The level of knowledge and skills of the people involved in your venture will set the foundation for the venture’s success. Acquire and improving industry knowledge and technical skills specific to your venture may seem like an obvious step to take. However, there are other, more general capabilities that may be less obvious, but are critical to successful entrepreneurship and innovation.

For example, capabilities related to communication, working with others, how you deal with ambiguous or difficult situations are just some of the skills that can make or break a new venture.  Fortunately, many of these things can be learned and developed with practice and/or training. Identify your strengths and weaknesses in each of the “Knowledge & Skills” Capacity Areas and then create an action plan for developing priority areas utilising relevant resources. You don’t need to be an expert at everything but you do need to know how to acquire the knowledge and skills for your venture, by involving other people who do have the right skills.

Capacity area 4: resources

Finding your resources

Stakeholder Engagement encompasses identifying and connecting with individuals and organisations who may be interested in, involved in, or affected by your venture in some way. This group of stakeholders is often referred to as a network. The earlier you start identifying and establishing relationships in your network, the more likely your venture is to succeed. Building a strong network can be very valuable – both for you and for the stakeholders – but it takes time to navigate and nurture those relationships.

How well you can lead, plan and manage projects and resources plays an important role in the long-term success and reputation of your venture. Being able to project future cash flow can help with managing resources. Establishing a clear vision and goals for your venture will help you stay focused when making difficult decisions. Staying organised with projects, communications, and deadlines all play a role in providing good customer service and will help you establish a good reputation. There are many local and online resources and groups that can support you in developing these capacities.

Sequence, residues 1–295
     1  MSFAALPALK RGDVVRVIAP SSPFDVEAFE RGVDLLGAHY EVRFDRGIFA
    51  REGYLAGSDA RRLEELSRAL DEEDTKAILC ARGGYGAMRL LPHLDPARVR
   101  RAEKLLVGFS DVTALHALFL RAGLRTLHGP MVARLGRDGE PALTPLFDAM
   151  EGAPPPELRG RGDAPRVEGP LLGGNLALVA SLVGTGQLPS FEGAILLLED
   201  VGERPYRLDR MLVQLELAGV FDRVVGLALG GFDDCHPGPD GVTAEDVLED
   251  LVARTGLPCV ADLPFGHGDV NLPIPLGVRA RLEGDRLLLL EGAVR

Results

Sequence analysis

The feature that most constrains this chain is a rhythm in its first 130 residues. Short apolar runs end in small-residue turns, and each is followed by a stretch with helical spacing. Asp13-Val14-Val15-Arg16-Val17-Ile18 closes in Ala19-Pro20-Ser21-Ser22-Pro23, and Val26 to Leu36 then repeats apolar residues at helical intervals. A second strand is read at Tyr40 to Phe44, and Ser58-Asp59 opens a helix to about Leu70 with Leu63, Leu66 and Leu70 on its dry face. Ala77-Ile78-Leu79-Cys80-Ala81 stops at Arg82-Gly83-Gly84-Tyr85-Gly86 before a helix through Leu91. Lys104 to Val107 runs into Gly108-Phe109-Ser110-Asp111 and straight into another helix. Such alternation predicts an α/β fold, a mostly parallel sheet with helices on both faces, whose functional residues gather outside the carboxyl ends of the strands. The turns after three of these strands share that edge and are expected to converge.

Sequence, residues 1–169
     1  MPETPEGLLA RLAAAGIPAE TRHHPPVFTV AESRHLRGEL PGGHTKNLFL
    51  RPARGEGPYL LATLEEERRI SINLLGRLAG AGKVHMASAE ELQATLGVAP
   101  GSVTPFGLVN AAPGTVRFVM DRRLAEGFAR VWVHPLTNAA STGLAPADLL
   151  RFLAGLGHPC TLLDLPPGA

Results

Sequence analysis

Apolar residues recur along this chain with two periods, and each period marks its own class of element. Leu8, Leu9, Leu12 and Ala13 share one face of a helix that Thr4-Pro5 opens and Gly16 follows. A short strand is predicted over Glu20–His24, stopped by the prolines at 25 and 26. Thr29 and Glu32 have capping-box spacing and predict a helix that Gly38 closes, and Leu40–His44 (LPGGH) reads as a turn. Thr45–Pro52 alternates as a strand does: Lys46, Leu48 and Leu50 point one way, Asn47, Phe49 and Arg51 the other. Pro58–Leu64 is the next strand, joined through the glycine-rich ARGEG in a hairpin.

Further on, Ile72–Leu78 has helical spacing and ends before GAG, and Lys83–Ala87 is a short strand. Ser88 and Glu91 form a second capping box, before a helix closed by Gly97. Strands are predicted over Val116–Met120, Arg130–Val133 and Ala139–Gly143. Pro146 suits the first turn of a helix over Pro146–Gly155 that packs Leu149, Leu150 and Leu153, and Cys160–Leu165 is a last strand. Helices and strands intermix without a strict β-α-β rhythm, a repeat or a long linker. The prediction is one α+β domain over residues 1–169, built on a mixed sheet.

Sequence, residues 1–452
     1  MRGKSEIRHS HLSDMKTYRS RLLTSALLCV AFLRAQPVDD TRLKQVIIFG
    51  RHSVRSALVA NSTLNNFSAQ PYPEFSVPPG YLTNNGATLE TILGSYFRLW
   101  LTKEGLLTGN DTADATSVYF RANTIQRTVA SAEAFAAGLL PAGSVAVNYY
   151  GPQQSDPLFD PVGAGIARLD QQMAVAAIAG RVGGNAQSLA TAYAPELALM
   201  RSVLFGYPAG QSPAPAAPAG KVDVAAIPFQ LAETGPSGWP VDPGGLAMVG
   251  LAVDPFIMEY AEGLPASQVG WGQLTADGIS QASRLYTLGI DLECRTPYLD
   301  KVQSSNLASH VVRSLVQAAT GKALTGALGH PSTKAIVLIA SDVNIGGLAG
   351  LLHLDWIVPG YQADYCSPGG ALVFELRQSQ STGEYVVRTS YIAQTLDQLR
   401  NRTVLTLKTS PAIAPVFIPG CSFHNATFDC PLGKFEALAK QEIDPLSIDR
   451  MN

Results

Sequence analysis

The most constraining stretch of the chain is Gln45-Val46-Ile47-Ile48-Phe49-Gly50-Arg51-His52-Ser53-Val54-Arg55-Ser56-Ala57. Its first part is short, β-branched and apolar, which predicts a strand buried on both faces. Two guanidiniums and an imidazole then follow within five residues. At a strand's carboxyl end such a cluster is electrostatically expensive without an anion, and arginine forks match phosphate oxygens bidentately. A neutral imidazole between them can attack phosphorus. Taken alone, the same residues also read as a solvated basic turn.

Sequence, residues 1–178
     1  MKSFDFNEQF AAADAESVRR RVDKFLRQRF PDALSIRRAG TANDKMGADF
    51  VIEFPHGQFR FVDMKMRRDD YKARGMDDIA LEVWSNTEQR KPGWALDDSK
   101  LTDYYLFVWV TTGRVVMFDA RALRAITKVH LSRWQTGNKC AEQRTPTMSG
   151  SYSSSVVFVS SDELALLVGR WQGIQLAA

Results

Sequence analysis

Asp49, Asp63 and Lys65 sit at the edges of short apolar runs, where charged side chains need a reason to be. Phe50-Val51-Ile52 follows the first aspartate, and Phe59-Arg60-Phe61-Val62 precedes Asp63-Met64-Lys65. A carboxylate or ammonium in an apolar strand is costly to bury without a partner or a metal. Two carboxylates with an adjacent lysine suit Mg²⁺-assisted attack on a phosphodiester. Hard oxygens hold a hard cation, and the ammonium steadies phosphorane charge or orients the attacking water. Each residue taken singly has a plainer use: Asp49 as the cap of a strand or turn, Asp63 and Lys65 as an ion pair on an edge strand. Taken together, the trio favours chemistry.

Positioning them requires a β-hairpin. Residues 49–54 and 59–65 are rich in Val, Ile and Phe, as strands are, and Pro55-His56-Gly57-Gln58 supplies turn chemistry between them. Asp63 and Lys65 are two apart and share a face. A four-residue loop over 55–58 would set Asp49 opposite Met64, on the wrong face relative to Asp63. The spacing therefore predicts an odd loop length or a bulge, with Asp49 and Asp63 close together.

Resources are required for any venture to operate and can be tangible (e.g. funding, infrastructure, office space, equipment, etc.) and intangible (e.g. other peoples’ knowledge and skills). Some of your resource requirements will be easily identified, but some, particularly intangible resources, may be less obvious. Take the time to assess what you need and how it can be sourced. Developing your resources can be as simple as making sure you have the right help and expertise to deliver your venture.

The level of knowledge and skills of the people involved in your venture will set the foundation for the venture’s success. Fortunately, many of these things can be learned and developed with practice and/or training. Identify your strengths and weaknesses in each of the “Knowledge & Skills” Capacity Areas and then create an action plan for developing priority areas utilising relevant resources. You don’t need to be an expert at everything but you do need to know how to acquire the knowledge and skills for your venture, by involving other people who do have the right skills.

Nice name

Space & Infrastructure

You’ll likely need some sort of physical space for you to conduct your venture (e.g. office space, retail premises, events area, manufacturing facility), and any infrastructure to support operations (e.g. telecommunications, energy, transportation).

Materials & Equipment

Identify what materials, equipment, digital and professional services, and platforms are essential for putting your venture into action.

Funding

Determine how and where you can get financial support for your venture. This could include: debt, venture capital, angel investment, and government grants.

Experts & Support Professions

Consult with professional groups and associations who can provide expert advice on various elements of your venture (e.g. Legal counsel, accountants, technical experts, advisors, mentors).

Human Resources

You may need more than one person to run your venture. Determine what kind of people to bring on board, what skills they’ll need, where to find them, and how to manage, support and retain them as an engaged part of your venture.
The level of knowledge and skills of the people involved in your venture will set the foundation for the venture’s success. Acquire and improving industry knowledge and technical skills specific to your venture may seem like an obvious step to take. However, there are other, more general capabilities that may be less obvious, but are critical to successful entrepreneurship and innovation.

For example, capabilities related to communication, working with others, how you deal with ambiguous or difficult situations are just some of the skills that can make or break a new venture.  Fortunately, many of these things can be learned and developed with practice and/or training. Identify your strengths and weaknesses in each of the “Knowledge & Skills” Capacity Areas and then create an action plan for developing priority areas utilising relevant resources. You don’t need to be an expert at everything but you do need to know how to acquire the knowledge and skills for your venture, by involving other people who do have the right skills.